Primary and secondary processes in the 193 nm photodissociation of vinyl chloride Academic Article uri icon

abstract

  • We have investigated the photodissociation of vinyl chloride (H2CCHCl) at 193 nm using the technique of photofragment translational spectroscopy. The experiments were performed at the Chemical Dynamics Beamline at the Advanced Light Source and used vacuum ultraviolet synchrotron radiation for product photoionization. We have observed five primary dissociation channels following an initial π* ← π excitation. The majority of Cl atoms originate from an excited-state dissociation. The remaining dissociation channels are consistent with competition on the ground electronic state following internal conversion from the optically prepared state. These channels include atomic and molecular hydrogen elimination, HCl elimination, and a translationally slow Cl elimination channel. We have also identified and characterized two secondary decomposition channels: (1) the elimination of Cl from chlorovinyl radicals following the primary atomic hydrogen elimination channel, and (2) hydrogen atom elimination from vinyl radicals following the primary atomic Cl elimination. By measuring the truncation in the translational energy distribution for C2H2Cl products from primary atomic hydrogen elimination we deduce a barrier for the reverse reaction of Cl+acetylene of 11±2 kcal/mol. Since Cl is known to add rapidly to acetylene with no activation barrier, we conclude that H loss primarily forms the ClCCH2 isomer, and that the observed 11 kcal/mol barrier pertains to a concerted addition/rearrangement path to form the α-chlorovinyl radical. Finally, we report low-resolution photoionization spectra for the nascent vinyl radical and HCl photoproducts, in which redshifts in the ionization onsets can be related to the internal energy content. © 1998 American Institute of Physics.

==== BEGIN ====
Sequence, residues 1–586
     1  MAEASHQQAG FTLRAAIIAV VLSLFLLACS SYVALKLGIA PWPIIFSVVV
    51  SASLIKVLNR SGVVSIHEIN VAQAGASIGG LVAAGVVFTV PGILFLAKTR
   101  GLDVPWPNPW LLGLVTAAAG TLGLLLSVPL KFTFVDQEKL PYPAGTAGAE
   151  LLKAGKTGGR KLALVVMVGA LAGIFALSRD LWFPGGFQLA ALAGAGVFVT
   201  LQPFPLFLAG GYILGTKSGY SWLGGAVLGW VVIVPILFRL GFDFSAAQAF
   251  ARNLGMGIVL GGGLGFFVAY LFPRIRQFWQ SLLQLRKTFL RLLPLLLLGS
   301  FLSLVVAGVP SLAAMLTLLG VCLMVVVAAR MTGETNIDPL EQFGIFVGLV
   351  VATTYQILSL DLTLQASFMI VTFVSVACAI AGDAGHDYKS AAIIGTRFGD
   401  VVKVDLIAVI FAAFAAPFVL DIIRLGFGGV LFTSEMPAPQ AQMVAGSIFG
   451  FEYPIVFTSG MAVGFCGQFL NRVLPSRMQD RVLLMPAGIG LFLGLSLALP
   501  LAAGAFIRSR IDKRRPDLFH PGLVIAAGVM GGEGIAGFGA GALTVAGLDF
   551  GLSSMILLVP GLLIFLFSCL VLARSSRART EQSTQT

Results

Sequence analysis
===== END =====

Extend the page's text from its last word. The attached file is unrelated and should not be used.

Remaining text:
author list (cited authors)

  • Blank, D. A., Sun, W., Suits, A. G., Lee, Y. T., North, S. W., & Hall, G. E.

citation count

  • 87

publication date

  • April 1998